16 12 10
FLAG 13 is on Bornholm, an island located in the Baltic sea and not shown on the map. FLAG 14 is the small islands group. It includes small islands from all around Denmark.
Based on the specifications in the regulation and the needs of the areas presented by the local actors, 16 groups were finally selected to cover the following areas. They range from sparsely populated areas which relied heavily on industrial fisheries and account for the vast majority of landings (North Sea coast) to more densely populated area facing strong touristic and residential pressure and which only harbour small to medium size fishing ports (Fyn, Sealand). A number of the small islands have cooperated to create their own FLAG to deal with the specific problems these isolated and small territories face. 7
In 2008, Danish fisheries statistics yearbook 2008
Surface area (Km²)
1. 2. 3. 4. 5. 6. 7. 8. 9. 10. 11. 12. 13. 14. 15. 16.
3 920 5 318 8 513 3 104 1 418 691 1 252 813 291 319 1 848 3 100 588 196 121 567
236 469 432 451 520 417 461 957 79 862 48 356 40 367 56 414 13 741 6 712 181 062 239 047 42 817 5 059 30 824 77 457
Fiskeri LAG Nord FiskeriLAG Midt-Nord LAG Vestjylland Fiskeri Fiskeri LAG Fyn LAG Djursland LAG Skive LAG Tønder LAG Haderslev LAG Langeland LAG Læsø, Ærø og Samsø Udvikling Nordvestsjælland Fiskeriaktionsgruppen LAG Bornholm Småøernes Aktionsgruppe LAG Halsnæs Landudvikling Slagelse
4. The selection process. When and how the groups have been selected. In total, around 10 information sessions were spread over each of the “fisheries regions” during the summer 2007 to provide information on the EFF and Axis 4 measures and also on the “bottom up” approach. Local stakeholders were then encouraged to step forward and discuss the need for local development in relation with Axis 4. If local stakeholders agreed on a need and had the resources to establish a FLAG they could reply to the Ministry´s call for expression of interest, published in June 2007. This call solicited expressions of interest from local actors along with an outline of their proposed development strategy. Two deadlines for application were set within this call which allowed the Managing Authority to complete the selection of LEADER groups and FLAGs simultaneously in the first selection round followed by a second round for the remaining FLAGs. The first application deadline was set for November 2007, the second for April 2008. Municipalities and other relevant local players wishing to participate in the call would first have to publish an invitation to an inaugural general meeting for the local group in the newspapers present in the forecasted group´s territory. This meeting was to be open to all residents of the area. All attendees received one vote. A subsequent general assembly elected the board and the Chairman of the board as well as adopting the Articles of association (based on the standard Articles of association detailed in the national regulation). The board then developed an outline of the development strategy which described the information on and the establishment of the group as well as the main priorities for the group’s work. The Managing Authority then screened applications. It checked the eligibility of the proposals, including the board composition and the Articles of association as well as assessing the outline of the development strategy. This “prior approval” process was expected to ensure that the conditions for effective strategy implementation were present. The groups approved in the prior approval phase then received a grant to help them develop their full strategies, along with technical support from the National Network Unit in the form of bilateral meetings and the provision of technical documents such as a handbook for strategy development. The strategies were to be submitted by February 2008 for the first round and September 2008 for the second. No groups were officially rejected but some applicants dropped out of the application process due to the requirements for information that they deemed to be too demanding. In total 16 groups and final strategies were approved.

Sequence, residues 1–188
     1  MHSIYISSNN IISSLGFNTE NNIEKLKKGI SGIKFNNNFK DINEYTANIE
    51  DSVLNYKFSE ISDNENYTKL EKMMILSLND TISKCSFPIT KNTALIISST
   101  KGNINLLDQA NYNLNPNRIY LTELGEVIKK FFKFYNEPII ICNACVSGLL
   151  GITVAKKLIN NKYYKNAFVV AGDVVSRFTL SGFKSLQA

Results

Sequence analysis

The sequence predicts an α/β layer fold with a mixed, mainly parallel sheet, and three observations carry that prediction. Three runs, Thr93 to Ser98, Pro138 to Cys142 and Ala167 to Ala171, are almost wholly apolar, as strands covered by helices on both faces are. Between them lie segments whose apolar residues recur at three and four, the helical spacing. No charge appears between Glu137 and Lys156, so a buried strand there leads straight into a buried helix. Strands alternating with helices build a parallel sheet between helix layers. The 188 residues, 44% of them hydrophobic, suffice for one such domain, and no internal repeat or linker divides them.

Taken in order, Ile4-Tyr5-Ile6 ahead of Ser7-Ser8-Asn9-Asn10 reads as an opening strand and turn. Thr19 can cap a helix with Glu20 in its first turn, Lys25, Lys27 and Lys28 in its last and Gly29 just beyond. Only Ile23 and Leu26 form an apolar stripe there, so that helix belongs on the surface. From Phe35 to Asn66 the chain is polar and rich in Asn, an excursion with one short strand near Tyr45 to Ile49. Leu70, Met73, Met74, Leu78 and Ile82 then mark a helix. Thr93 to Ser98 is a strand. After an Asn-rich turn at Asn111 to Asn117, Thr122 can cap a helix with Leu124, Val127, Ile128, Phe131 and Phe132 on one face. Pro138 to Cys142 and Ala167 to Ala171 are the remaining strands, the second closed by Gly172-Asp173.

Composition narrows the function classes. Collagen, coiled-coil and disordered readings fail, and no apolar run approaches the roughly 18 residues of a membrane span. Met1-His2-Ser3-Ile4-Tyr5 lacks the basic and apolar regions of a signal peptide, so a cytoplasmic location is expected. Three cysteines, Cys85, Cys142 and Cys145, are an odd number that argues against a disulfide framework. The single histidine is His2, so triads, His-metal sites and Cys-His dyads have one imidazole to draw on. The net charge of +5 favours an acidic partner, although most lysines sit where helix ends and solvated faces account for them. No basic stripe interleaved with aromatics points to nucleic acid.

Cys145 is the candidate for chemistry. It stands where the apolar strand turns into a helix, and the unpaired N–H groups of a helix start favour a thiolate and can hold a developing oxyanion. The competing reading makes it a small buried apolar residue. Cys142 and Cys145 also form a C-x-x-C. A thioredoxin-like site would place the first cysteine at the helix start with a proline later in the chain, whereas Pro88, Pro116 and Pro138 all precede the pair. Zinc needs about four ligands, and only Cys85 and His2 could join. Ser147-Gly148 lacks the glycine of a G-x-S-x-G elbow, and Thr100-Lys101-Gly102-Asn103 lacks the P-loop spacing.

5. The strategies of the groups The Danish strategies focus on a range of measures aimed at diversifying economic activities within fisheries areas; making the areas more attractive for commercial and residential development (while respecting nature and local values); as well as industry specific measures to increase the value added in the fisheries and aquaculture sector of the area. As such, activities that FLAG strategies look to promote range from fostering co-operation on market information, customer requirements and product development on the one hand to promoting tourism on the other.
Promoting a broader range of seafood products within the retail sector for example is seen as key to consolidating local markets, while making better use of local products and services is seen as a way of creating more and better employment opportunities. A difficulty that sometimes arose in the development of the strategies was the lack of statistics to document specific characteristics of the area (e.g. employment levels within the fisheries sector) as FLAG areas would not always fit within boundaries used for statistics collection. The definition of measurable targets through the use of quantitative indicators also proved to be particularly challenging for most of the groups. In addition, due to a desire to keep the range of allowed actions as wide as possible, there was a tendency for some of the strategies not to focus enough on specific and necessary areas of intervention. However, the Danish FLAGS are already supporting an interesting range projects selected under their strategies. These range from door to door fish box deliveries, a coastal theme park and sailing centres to support for water taxis and water buses.